The Embarrassing Android/Droid Paid App Pledge

I know this doesn’t affect most of the readers on this website considering it’s an iPhone site, but I just wanted to make sure you knew about the Paid App Pledge campaign for Android users.

Basically what’s happening is that someone came up with this pledge idea because developers aren’t making enough money from Droid apps so they can’t finance full time support.  They, Droid users, are asking other Droidians to pledge five dollars a week on apps…  Over $250 a year!  Even worse, they are also asking to donate money straight to the developers!

So, in a quick recap. Driod users want other Droid users to spend money on apps that they may not want or need just to keep developers developing. Or, if they really don’t want to clutter up their phone with unwanted apps, just give those developers the money anyway.

How about this; buy an app if you want it, or buy an app if it gets good reviews and looks fun. That way those developers that created that app get the money for it. That way those developers that created a successful app can keep creating other successful apps. But with this pledge you are basically giving money to developers who may make terrible apps, but now that they are financed through this pledge they will continue to make bad apps.

Does this app pledge make sense to anyone? Or am I missing the point?  (Editor: Maybe they used the government’s method of assisting industry as an example).

I’m honestly not bashing Android users, I just don’t understand why you would buy something, an app, that you don’t want or need just to keep more unwanted and unneeded apps coming out.

As of July 2 a total of $105 a month was being pledged. That’s over five grand a year. I’m sure its even higher now. What are your thoughts on this Droid App Pledge?

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Josh is our resident iPad owner. He hates hidden word games. Developers BEWARE!


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  7. indica

    August 29, 2010 at 8:38 am

    I would just like to say, as an Android user that I do like the paid apps, and I use to download/purchase them. However I have had my phone reset and yes I’m using the same account. But I am unable to download any of the apps I already paid for. Google makes it pretty difficult to contact them, and when you finally do they send some lame automated response that is no help at all to the issue, and doesn’t even seem like a real person actually read the email. This coupled with bad experiences with developers not helping with apps… It puts a really bad taste in your mouth about buying apps. Here I am with purchased apps already and no way to use them.

    So maybe instead of people bashing the users, they should really look into the issue, or maybe they already have and it’s just easier to say the users are cheap that our service SUCKS!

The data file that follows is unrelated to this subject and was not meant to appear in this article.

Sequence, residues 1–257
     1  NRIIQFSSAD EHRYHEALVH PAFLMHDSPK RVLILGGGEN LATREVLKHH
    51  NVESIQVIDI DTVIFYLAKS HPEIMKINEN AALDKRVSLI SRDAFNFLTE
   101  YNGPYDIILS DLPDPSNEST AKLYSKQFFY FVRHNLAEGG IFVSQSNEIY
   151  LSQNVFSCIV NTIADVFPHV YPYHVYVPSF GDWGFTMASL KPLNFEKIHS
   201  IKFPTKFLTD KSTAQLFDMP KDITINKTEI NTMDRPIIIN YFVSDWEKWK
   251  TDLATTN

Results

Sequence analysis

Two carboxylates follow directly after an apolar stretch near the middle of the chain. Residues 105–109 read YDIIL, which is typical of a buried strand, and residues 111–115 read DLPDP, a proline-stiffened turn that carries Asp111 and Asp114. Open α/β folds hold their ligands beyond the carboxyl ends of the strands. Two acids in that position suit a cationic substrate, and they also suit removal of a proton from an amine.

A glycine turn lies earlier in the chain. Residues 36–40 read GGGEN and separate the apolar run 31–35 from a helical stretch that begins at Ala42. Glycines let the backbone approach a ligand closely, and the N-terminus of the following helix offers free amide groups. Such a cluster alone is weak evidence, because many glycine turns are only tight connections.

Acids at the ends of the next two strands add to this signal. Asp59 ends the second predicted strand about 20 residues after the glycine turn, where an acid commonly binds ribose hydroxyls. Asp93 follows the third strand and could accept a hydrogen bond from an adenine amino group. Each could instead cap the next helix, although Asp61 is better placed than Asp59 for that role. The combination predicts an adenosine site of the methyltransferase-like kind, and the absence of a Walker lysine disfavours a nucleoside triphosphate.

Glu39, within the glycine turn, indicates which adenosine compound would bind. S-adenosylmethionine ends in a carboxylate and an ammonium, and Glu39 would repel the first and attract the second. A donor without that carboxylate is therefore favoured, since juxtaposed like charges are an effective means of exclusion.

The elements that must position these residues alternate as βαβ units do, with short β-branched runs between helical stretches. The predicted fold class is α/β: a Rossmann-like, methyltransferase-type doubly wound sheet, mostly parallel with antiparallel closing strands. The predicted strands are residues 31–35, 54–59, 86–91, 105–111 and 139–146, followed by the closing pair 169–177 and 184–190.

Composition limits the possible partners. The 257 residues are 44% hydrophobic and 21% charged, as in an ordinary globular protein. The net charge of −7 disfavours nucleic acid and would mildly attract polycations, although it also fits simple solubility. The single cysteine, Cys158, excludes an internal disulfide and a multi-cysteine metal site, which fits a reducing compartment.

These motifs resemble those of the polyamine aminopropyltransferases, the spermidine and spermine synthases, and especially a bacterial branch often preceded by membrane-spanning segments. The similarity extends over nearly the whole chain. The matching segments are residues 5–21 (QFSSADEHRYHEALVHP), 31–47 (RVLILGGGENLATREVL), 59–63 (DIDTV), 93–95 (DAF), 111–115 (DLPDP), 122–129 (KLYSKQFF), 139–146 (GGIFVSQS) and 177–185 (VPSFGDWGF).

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  8. Derrick -Lex-

    July 14, 2010 at 2:24 pm

    One more thing, Google needs to revamp the market and find a way to reward developers, better search functionality (how can the best search engine have crappy search technology implemented in their app search) etc. Visibility may be the issue more so than Android users are freeloading peasants.

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  9. Derrick -Lex-

    July 14, 2010 at 2:20 pm

    For the record, I was a previous iPhone user (back in the original and 3G days). Then I moved to Palm Pre/WebOS, before deciding that Android 2.0 was mature enough and that there was compelling enough hardware (i.e. Moto Droid) to finally make a HAPPY jump.

    That being said, I disagree with Chuck and the example used LarvaLabs is laughable in my opinion. Chuck your idea wasn’t laughable I think LarvaLabs, their software, and their complaint is laughable. I for one don’t play games on my phone. I have dedicated hardware for that (PS3). Secondly, I have no need for their SlideScreen app. It’s pointless (in my opinion) given the vast amount of widgets available. I’m not trying to dog the company I’m simply saying maybe they need to diversify their product line, and consider the fact that maaaaaaybe people just aren’t that into the apps they sell.

    I’ve bought PLENTY of apps that were worth it. If the price is right, the app does what I want. I purchase it. So to act as though Android users are freeloading peasants is amusing to me.

    The whole premise of Android is to have an open platform. That is the reason you see so many free apps on Android. The openness of the platform draws the open source dev community. Think about sourceforge, SugarCRM, OpenHRM, etc etc. Of course I don’t expect iPhone users to know much about open source communities which is why you see better looking apps on the iPhone many times. Open source software doesn’t always look as sexy but it’s often free or available for a small fee.